As it is understood now the Chief District Court Judge did no such thing, which is correct you or the judge…

“Organised crime is serious business. It is a business which its perpetrators may kill to protect. The subterfuge in building a criminal record for the undercover operative was necessary to reduce the very real risk to his life.”
The decision to stay proceedings against the 21 members and associates of the Hells Angels feeder gang, the Red Devils, was also disproportionate and unjustified, Mr O’Connor said.

Is not police crime a serious business, should the police be allowed to break the laws they are sworn to uphold?

“The fact the agent had an artificially constructed back-story did not cause, encourage or enable anyone to offend. They were allegedly doing that anyway. All it did was allow the undercover agent to move in their circles more safely in order to gather evidence. It is unjustified and disproportionate to throw out the charges against alleged serious organised criminals solely because the High Court now takes offence at the subterfuge involved in constructing a credible cover story for the undercover agent.

Are you saying that your undercover agent didn’t commit crimes while he was embedded within the gang…what did he do sit around and read a book!
“In the High Court’s rush to punish Police, they are really punishing the public, who will now see 21 individuals escape trial for alleged serious organised criminal offending, and be left free to carry on their activities. The Red Devils gang will be empowered by this decision and the good people of Nelson will now have to put up with the consequences,” Mr O’Connor said.

I’ll leave the last word on this issue to others…its hard not to agree with them. Police are meant to uphold the law…not ignore it or break it.

Senior police who committed a "fraud" on the court system by faking the prosecution of an undercover officer were bordering on committing criminal acts themselves, legal experts say.
Head of the Canterbury University Law School, Chris Gallavin, said the police actions were "bloody ridiculous".
"It's absolutely abhorrent police would go to such lengths. I can't understand where the police were coming from – it shows naivety in the extreme. I think the court's been quite generous to say there's been no bad faith."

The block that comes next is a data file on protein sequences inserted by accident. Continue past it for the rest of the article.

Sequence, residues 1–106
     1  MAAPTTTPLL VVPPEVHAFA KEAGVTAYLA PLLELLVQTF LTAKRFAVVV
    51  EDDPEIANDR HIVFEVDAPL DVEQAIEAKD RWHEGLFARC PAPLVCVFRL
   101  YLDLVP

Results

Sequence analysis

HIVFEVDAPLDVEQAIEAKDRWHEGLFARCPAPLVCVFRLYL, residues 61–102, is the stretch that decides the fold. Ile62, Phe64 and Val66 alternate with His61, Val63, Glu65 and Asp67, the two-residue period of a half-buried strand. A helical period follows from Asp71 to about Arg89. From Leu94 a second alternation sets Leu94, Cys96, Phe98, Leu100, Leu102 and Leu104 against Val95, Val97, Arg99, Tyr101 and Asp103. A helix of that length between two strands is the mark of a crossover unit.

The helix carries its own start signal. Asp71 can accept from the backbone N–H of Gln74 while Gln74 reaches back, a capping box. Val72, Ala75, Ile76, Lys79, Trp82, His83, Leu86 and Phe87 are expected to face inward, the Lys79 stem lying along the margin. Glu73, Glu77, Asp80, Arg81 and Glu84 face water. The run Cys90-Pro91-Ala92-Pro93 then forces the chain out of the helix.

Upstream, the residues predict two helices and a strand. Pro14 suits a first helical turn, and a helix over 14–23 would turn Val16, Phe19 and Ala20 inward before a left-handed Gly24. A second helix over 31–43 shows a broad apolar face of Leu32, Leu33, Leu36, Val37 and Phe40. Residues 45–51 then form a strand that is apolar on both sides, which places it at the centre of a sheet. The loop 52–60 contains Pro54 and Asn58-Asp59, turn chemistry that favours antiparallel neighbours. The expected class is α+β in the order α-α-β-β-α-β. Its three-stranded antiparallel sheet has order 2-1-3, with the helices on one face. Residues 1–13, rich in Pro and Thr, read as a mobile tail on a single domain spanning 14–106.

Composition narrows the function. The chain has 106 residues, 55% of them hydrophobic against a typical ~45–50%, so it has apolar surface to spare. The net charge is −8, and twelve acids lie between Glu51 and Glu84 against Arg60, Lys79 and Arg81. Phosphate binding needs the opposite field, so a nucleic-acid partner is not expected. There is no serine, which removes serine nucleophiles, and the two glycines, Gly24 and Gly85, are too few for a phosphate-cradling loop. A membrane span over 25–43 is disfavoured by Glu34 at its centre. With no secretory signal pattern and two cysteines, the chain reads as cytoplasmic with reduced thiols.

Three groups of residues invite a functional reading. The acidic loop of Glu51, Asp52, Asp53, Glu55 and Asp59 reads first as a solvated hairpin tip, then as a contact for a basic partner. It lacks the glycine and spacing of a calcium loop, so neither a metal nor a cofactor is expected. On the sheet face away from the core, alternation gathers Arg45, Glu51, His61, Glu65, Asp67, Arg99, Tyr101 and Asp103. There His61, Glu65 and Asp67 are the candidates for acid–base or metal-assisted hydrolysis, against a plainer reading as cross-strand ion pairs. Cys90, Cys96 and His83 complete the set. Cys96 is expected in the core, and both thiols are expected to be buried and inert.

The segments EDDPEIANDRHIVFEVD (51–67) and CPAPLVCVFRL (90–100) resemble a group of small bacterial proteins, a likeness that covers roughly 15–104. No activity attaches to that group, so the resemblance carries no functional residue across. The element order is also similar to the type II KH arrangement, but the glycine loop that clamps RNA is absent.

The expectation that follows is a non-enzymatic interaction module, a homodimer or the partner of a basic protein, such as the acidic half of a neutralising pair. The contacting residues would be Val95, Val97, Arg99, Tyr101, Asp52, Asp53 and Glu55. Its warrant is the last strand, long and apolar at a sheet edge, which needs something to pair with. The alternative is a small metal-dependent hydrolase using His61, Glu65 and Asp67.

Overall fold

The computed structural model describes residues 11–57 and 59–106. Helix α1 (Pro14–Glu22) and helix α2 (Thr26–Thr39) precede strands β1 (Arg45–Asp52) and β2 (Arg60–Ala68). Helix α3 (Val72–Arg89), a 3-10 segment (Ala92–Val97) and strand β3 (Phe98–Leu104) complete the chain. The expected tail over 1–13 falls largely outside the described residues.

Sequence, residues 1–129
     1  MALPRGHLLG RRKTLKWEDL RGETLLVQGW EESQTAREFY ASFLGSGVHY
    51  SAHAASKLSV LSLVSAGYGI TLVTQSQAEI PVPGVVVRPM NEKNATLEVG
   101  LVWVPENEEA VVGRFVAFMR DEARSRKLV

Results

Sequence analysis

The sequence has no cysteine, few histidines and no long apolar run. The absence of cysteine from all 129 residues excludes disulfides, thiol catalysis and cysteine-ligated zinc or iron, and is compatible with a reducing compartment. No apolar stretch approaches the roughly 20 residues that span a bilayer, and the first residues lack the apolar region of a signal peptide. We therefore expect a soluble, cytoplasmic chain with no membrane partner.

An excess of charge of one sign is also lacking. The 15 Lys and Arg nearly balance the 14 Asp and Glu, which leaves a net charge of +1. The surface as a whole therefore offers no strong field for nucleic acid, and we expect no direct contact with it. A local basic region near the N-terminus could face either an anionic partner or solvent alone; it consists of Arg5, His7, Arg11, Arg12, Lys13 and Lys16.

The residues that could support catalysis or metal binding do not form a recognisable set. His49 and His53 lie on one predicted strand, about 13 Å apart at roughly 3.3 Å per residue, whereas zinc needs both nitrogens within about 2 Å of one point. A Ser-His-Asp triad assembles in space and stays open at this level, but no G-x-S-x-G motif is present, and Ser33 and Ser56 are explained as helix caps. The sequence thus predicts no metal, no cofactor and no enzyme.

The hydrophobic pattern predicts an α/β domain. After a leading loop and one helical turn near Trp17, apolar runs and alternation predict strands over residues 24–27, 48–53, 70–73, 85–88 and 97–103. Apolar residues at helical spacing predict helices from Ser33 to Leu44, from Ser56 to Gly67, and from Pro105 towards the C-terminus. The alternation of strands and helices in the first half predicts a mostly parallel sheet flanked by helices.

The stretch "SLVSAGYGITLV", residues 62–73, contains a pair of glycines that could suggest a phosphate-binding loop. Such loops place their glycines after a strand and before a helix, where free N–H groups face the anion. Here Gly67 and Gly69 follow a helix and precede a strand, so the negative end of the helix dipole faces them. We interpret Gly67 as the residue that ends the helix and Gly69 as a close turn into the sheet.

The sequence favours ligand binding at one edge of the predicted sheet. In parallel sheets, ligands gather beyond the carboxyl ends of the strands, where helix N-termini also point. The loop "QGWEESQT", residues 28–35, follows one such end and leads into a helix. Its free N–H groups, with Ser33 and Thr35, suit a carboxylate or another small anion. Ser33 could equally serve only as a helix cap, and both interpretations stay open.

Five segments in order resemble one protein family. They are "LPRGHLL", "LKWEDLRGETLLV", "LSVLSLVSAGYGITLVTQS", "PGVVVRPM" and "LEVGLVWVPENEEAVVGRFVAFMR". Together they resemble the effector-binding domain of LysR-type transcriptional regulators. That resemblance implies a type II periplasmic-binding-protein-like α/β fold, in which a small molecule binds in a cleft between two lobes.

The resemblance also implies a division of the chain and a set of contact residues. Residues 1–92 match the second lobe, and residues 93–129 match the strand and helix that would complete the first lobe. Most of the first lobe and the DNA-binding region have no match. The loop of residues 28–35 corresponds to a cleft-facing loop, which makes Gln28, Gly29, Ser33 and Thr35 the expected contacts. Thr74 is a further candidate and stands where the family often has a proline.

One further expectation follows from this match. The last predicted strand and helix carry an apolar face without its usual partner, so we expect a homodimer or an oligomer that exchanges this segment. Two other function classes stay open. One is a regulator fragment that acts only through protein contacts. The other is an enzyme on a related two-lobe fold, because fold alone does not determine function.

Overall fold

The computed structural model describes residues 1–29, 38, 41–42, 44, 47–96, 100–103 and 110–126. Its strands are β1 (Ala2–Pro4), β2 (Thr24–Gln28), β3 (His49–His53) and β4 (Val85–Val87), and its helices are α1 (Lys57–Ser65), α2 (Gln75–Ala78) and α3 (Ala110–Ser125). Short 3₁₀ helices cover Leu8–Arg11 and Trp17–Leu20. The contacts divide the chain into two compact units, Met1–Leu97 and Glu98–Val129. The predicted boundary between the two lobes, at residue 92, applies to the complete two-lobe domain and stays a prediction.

Throwing the charges out was entirely proper, with such a massive abuse of process. "I'd go so far as to say the officers were on the precipice of committing criminal acts."

Auckland University law professor Warren Brookbanks said police had acted "very, very inappropriately. The clear message is it went beyond their brief." 

Police have been left embarrassed by two judges in separate cases throwing out charges against up to 28 Red Devil bikie gang members.

A judge yesterday halted drugs and firearms charges against 21 people because the police staged a fake arrest of an undercover cop. Justice Simon France ruled that the police's actions were "a fundamental and serious abuse of the court's processes".

The decision puts the Organised and Financial Crime Agency of New Zealand in the firing line again after the controversial raid on the home of internet tycoon Kim Dotcom.

In a second case involving the Red Devils another judge was so concerned about a raid on club premises that he threw out charges against 28 people. Many are among the accused whose charges were dismissed yesterday.

The swoop on a barbecue at the Red Devils Motorcycle Club in Nelson was part of a two-year bid to snare gang members. About 50 people were at the August 2010 function and police suspected liquor laws were being broken.

However, in July this year Judge Chris Tuohy ruled out evidence because it was "improperly obtained" through "a series of breaches of the defendants' rights, some of which were significant infringements".

Officers had obtained search warrants to search the property but not individuals. After finding a small amount of drugs, they searched the party guests. Judge Tuohy said entry was "unlawful and unreasonable" as police chain sawed through fences despite being let through the front gate.

All 28 faced a charge of being on an unlicensed premise.

In the damning judgment issued yesterday, Justice France ordered a stay of proceedings in the prosecutions of 21 people arrested as part of Operation Explorer.

Undercover cop Michael Wiremu Wilson had infiltrated the Red Devils. Police faked a search warrant for a lockup he was renting in May 2010 and "found" stolen property and cannabis paraphernalia. Wilson was arrested and prosecuted - his true identity unknown to the judge, lawyers and court staff.

Earlier this year two officers told the High Court at Nelson they followed protocol by approaching then chief district court judge Russell Johnson, now dead.

Justice France later found the protocol was written after the fake prosecution, and guidelines at the time actually stated: "The police must not allow an arrested agent to appear under a fictitious name without the permission of the court. Deceiving the court is not permitted."

So much for Greg O’Connor and his spinning press release and the rumour that Garth McVicar of the Sensible Sentencing Trust is to become the head of the police compliance team…